Dozens of Zimbabwe elephants die as climate change dries up Hwange park

By Nyasha Chingono

HWANGE NATIONAL PARK, Zimbabwe (Reuters) – Dozens of elephants have died of thirst in Zimbabwe’s popular Hwange National Park, and conservationists fear losing more as a drought caused by climate change and the El Nino global weather pattern dries up watering holes.

The seasonal El Nino, which causes hotter, drier weather throughout the year, has been exacerbated by climate breakdown, scientists say, a cause of concern at the ongoing COP28 discussions on climate action in Dubai.

Hwange has no major river running through it, and animals rely on solar-powered boreholes, Zimbabwe Parks and Wildlife Authorities (Zimparks) official said.

“We are relying on artificial water because our surface water has declined. Since elephants are water dependent, we are recording more deaths,” Zimparks principal ecologist at Hwange National Park, Daphine Madhlamoto, told Reuters.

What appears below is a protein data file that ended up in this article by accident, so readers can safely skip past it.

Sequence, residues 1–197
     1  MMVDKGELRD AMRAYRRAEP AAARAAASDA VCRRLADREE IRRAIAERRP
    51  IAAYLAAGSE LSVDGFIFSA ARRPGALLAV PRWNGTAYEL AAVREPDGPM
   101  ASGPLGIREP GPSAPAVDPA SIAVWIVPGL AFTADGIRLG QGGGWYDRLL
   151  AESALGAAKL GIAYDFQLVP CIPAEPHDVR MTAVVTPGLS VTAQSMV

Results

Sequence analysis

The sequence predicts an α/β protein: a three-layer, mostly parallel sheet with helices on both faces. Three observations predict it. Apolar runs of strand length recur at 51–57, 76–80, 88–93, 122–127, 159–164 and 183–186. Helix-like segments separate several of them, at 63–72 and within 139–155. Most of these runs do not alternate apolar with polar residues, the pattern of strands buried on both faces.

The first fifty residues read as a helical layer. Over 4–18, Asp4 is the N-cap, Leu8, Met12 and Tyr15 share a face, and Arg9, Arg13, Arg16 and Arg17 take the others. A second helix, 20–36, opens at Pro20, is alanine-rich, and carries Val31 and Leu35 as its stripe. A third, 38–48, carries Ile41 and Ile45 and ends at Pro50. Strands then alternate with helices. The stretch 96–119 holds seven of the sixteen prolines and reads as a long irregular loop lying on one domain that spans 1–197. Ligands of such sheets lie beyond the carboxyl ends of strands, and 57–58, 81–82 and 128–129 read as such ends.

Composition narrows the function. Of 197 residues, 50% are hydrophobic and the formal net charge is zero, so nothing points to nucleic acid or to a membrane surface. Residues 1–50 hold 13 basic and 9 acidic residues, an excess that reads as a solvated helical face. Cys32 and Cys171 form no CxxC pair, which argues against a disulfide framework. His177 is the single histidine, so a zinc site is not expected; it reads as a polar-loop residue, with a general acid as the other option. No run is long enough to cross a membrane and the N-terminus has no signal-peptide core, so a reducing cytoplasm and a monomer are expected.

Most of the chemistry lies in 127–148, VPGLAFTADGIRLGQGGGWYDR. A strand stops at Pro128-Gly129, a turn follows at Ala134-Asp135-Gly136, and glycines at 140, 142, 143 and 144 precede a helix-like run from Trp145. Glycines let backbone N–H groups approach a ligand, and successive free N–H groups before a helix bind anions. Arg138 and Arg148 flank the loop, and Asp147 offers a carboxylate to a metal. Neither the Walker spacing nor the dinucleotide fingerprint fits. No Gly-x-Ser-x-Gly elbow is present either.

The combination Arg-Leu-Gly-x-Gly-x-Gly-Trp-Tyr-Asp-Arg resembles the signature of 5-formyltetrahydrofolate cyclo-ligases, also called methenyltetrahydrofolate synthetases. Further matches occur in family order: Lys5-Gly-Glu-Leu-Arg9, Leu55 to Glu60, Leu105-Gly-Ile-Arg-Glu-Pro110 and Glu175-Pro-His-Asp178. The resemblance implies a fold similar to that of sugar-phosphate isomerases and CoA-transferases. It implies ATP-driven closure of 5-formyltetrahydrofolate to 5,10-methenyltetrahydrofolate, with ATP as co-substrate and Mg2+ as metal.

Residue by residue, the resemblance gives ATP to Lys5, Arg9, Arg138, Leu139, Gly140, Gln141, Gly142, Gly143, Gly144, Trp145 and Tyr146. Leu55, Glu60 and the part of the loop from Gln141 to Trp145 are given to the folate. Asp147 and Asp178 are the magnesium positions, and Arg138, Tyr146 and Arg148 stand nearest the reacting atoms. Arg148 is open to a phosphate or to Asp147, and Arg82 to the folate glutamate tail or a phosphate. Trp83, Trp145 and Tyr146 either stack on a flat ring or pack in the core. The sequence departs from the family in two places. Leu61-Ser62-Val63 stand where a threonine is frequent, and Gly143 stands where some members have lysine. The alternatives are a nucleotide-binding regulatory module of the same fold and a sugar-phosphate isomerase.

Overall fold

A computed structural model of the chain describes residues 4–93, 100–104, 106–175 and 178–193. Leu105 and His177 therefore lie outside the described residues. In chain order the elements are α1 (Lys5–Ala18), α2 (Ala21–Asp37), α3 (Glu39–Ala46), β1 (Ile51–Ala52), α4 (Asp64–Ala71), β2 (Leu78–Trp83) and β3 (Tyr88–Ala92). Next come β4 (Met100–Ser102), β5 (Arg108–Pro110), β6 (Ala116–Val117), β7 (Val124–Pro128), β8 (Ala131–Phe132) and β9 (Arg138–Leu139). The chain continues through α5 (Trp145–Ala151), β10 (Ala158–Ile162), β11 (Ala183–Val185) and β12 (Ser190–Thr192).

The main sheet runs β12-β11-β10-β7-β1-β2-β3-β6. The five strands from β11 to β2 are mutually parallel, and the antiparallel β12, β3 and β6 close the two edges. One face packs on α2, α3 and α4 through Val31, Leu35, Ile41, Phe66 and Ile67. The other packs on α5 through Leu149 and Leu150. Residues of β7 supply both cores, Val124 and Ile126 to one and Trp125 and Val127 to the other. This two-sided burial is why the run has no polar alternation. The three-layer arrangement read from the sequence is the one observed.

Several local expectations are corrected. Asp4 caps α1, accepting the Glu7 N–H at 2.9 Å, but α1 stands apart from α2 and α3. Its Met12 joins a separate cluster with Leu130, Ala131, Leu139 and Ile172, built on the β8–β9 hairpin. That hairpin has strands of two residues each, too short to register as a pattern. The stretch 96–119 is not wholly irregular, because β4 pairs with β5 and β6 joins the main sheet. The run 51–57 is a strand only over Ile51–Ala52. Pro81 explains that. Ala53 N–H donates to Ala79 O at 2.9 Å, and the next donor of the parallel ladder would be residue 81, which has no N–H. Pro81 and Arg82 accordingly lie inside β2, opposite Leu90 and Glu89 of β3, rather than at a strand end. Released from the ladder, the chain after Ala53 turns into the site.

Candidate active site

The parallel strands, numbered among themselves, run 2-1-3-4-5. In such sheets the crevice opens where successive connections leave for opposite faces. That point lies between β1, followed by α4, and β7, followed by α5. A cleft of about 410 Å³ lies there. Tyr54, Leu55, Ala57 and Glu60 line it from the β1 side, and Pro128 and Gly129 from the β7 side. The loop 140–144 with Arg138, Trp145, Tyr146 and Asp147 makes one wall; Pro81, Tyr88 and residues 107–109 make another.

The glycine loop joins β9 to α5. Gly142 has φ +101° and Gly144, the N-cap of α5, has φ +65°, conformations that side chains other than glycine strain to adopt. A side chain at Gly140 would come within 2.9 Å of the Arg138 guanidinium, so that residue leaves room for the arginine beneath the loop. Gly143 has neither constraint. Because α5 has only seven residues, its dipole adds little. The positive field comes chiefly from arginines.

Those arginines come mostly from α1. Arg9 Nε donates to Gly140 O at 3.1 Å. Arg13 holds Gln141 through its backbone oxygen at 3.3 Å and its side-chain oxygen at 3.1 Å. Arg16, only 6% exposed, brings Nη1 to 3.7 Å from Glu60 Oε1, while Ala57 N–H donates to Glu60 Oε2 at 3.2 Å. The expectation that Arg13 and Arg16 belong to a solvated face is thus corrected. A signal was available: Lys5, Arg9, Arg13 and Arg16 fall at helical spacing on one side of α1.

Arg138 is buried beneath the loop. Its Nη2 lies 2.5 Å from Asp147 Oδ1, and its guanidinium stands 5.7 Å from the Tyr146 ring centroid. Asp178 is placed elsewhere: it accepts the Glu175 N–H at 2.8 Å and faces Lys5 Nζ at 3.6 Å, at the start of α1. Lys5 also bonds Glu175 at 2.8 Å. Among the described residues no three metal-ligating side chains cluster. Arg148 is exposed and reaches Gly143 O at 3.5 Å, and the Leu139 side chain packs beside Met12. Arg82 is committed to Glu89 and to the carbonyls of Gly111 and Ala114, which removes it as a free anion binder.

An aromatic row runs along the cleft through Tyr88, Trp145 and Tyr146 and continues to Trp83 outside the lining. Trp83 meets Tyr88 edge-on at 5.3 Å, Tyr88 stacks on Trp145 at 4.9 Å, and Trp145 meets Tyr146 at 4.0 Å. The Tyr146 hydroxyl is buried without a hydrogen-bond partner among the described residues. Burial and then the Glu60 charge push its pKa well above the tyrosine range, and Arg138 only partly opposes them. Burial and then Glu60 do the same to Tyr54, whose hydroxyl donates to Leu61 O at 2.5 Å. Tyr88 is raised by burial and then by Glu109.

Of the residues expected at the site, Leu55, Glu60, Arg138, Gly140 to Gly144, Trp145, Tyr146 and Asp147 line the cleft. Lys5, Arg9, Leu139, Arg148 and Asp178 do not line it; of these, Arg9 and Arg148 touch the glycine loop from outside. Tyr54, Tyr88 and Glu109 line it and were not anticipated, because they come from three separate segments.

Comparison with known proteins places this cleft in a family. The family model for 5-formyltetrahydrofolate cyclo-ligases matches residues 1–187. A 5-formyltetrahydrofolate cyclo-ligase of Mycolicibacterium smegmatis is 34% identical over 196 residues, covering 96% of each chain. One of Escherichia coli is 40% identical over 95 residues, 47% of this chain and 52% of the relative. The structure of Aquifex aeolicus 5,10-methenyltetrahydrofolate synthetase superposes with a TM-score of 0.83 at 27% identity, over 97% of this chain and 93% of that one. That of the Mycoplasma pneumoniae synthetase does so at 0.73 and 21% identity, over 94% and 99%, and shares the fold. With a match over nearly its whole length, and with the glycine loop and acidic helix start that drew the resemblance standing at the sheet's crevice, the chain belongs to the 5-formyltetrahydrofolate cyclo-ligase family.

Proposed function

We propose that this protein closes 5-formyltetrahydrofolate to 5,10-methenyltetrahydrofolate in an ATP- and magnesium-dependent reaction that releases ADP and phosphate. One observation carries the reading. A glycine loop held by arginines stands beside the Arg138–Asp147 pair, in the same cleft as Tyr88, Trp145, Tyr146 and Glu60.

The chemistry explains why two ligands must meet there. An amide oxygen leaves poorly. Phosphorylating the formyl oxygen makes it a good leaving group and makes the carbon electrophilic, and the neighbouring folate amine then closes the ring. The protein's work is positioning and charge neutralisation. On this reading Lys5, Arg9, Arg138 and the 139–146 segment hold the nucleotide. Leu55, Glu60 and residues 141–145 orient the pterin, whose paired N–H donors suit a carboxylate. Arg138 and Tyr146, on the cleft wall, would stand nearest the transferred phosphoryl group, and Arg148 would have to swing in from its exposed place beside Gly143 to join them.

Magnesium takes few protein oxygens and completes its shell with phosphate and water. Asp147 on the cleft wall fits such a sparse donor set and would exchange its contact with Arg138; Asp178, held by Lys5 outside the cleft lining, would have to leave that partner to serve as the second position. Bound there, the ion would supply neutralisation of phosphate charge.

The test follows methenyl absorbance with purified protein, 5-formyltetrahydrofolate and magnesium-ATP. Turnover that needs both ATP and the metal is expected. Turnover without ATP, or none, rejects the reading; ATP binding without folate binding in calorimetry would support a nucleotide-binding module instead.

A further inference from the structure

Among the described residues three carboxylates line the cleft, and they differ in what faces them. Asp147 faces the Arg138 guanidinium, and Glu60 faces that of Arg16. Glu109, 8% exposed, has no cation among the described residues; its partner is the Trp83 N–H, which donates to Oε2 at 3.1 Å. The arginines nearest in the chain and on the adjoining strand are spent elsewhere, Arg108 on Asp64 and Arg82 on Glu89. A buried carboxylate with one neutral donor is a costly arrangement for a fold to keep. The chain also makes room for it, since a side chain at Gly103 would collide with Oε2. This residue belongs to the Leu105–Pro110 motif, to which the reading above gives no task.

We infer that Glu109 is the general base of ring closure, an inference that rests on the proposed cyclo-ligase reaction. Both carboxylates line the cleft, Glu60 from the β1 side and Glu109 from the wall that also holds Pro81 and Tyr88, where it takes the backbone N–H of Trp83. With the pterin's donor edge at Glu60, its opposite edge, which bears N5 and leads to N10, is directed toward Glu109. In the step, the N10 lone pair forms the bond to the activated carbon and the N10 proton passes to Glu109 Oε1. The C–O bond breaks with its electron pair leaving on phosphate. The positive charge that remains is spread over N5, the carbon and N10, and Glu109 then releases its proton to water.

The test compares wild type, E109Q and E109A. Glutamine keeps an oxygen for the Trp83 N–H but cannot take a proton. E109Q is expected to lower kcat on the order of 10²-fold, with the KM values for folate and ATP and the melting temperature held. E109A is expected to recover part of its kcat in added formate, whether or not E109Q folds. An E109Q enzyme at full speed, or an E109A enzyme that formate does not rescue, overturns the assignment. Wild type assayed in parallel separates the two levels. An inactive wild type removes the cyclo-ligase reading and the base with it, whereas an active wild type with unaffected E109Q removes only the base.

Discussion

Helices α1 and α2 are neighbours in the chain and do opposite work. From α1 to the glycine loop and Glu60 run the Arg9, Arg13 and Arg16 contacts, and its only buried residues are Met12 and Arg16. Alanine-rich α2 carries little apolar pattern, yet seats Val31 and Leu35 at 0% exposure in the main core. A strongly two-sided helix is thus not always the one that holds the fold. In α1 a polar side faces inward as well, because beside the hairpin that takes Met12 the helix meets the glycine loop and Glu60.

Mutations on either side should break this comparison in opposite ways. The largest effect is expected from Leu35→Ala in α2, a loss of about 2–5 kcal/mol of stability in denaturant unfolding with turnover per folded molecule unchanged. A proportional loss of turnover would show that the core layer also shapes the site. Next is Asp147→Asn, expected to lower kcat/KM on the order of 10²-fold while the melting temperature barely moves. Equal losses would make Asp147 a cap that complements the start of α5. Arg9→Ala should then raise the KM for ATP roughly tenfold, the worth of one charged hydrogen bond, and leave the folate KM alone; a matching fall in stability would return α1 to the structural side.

The elephant population in Hwange is 45,000, and a fully grown elephant requires 200 litres (53 gallons) of water daily. But with water sources dwindling, the solar-powered pumps at the 104 boreholes or wells have not been able to draw enough water.

Reuters saw dozens of elephant carcasses near watering holes, and park officials said other elephants have died in the bush providing ready prey for lions and vultures.

“The park has been witnessing the impact of climate change. We have been receiving less rains,” Madhlamoto said.

Zimbabwe’s rainy season runs from November to March, but it has barely rained so far this year. The drought is expected to continue into 2024, according to Zimbabwe Meteorological Services.

Zimparks said animals are being forced to walk long distances to search for water and food, and several herds of elephants having crossed into neighbouring Botswana. Conservation groups are trying to supply extra water by desilting watering holes and pumping more water through solar wells to help deal with the crisis.

Zimbabwe has an elephant population of nearly 100,000, but the capacity only for a little more than half of them, meaning the national parks are overwhelmed, Zimparks said.

(Reporting by Nyasha Chingono; Editing by Tim Cocks, Aurora Ellis and Tom Hogue)